Overwhelmed with grief and anger, relatives of Ahmet Camur, a Turkish officer killed by the PKK, listen to Turkey’s president delivering a eulogy, with his right hand on the coffin wrapped in a Turkish flag.
Critics vented anger against President Recep Tayyip Erdogan for using the coffin as a pulpit to deliver a speech for political consumption. The photo quickly became viral in the Turkish media, inspiring dozens of cartoonists to draw similar satirical pictures to reflect the current political climate – a politician using the coffin of a Turkish officer as a pulpit to score political gains.
There is no indication that the violence could slow down in upcoming weeks while Turkey is heading to new polls on Nov. 1Mahir Zeynalov
This way of thinking now prevails among some members of the Turkish public, even including among relatives of slain Turkish security forces. In almost every funeral ceremony, parents of the killed Turkish officers or soldiers raise their voices against the authorities, blame the government for ongoing violence and some even believe their sons were killed for personal ambitions of the president.
No end in sight for violence
The ongoing violence in Turkey only gets worse every week, with dozens of killed from both sides. Turkish state-run news agency reported on Monday that 814 PKK militants were killed since July 22, including nearly 500 in northern Iraq. More than 60 members of Turkish security services and 14 civilians were killed in the current conflict, one of the highest death tolls in such a short period of time since the AKP came to power in 2002.
The violence almost spread to many corners of southeastern Turkey, with PKK militants showering police posts and military units with bullets while digging trenches, setting up checkpoints and terrorizing state-funded work vehicles and buses. Most of these actions attract Turkish security forces, prompting fatal armed shootouts.
There is no indication that the violence could slow down in upcoming weeks while Turkey is heading to new polls on Nov. 1. Turkish president vowed to eradicate all “terrorists” while the PKK is hell-bent on continuing “fighting” against the Turkish state. Both warring sides are now locked in endless exercise in going the same route over and over with a hope of reaching to a different destination.
The scale of attacks appear to mark a new era after the peace process, fracturing what until now has been a largely preserved, if sometimes fragile, peace despite many daunting challenges.
Mother of all evils: Nationalism
People in Turkey may share separate views on economy or political orientation, but most of them are nationalists to varying degrees. Turkish politics has been shaped around different grievances of secular, conservative Turkish and Kurdish nationalists under various circumstances. The nationalist sentiment has always been too high in Turkey and most right-wing leaders exploited it to make it to power. Erdogan, a divisive populist, loved and loathed, preferred to consolidate the center right by reaching out to liberals, conservative Kurds and Turks when he came to power. But he also didn’t miss a chance to use increased PKK violence ahead of each elections in a bid to collect nationalist votes.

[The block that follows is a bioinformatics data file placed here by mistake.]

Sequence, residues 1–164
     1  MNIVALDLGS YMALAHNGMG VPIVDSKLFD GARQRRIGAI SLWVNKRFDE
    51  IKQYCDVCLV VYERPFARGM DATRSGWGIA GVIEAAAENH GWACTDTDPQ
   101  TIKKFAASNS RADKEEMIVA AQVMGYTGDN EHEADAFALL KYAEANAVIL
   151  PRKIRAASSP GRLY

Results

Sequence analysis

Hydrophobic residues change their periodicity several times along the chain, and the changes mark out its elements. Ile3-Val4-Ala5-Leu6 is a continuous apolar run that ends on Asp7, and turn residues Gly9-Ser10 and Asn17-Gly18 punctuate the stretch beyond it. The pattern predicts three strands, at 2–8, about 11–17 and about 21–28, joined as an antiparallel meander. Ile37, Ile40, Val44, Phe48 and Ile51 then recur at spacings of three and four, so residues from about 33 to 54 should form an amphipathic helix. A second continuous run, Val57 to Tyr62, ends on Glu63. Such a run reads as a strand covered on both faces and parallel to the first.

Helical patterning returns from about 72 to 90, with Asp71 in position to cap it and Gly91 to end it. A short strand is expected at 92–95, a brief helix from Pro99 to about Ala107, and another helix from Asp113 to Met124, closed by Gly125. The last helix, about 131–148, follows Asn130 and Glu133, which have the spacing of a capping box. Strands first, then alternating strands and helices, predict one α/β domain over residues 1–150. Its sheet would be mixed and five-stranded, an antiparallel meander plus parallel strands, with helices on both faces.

Peace process in the freezer
It seems that Erdogan betted that his presidential ambitions could be possible if he could strike a peace with Kurds. For the sake of peace talks, the government seemingly remained oblivious as the PKK increased its presence in southeastern Turkey. Now government officials increasingly, if grudgingly, acknowledge that they turned a blind eye as the PKK bolstered its positions in the past two years.
The chaotic collapse of the peace process marked the vindication of nationalists, who long claimed that the right way to fight against the PKK is only possible with the strong fist of the Turkish state – the army. While fighting against ISIS in Iraq and Syria, Kurdish rebels have suddenly found themselves struggling against the most powerful army in the region, with Washington’s tacit blessing.
The peace process was introduced so that it could increase chances for Erdogan to gain a presidential post with more executive powers. But pro-Kurdish party HDP went to elections with a slogan that disturbed Erdogan: We Won’t Make You a President. Their unprecedented surge in June elections thwarted Erdogan’s ambition to bolster his clout.
Many government officials now frankly acknowledge that that slogan was the primary reason for the collapse of talks. One minister even said the current violence would not take place if Erdogan became a stronger president.
On Monday, Erdogan announced that there will be snap elections on Nov. 1, first time in the republic’s history. Four elections in just two years have been very costly to Turkey. Many have already been disillusioned with unceasing electoral campaign that takes a heavy toll on the society.The government will now seek to avoid making the same mistake of maintaining peace with Kurds. HDP leader Selahattin Demirtas is bashed daily by Turkish pro-government media as part of a concerted campaign to defame the charismatic leader, whose surge in last elections cost the ruling AKP its 13-year single-party rule. AKP wants to regain the trust of millions of conservative Kurds, who switched their side to vote for HDP in June. Portraying Demirtas as a “pawn of the PKK” is now the main electoral strategy.
The Turkish public is now convinced that the latest political turmoil is directly linked to Erdogan’s presidential ambitions. We will yet to see how they will punish him in November elections.
Mahir Zeynalov is a journalist with Turkish English-language daily Today's Zaman. He is also the managing editor of the Caucasus International magazine. You can follow him on Twitter @MahirZeynalov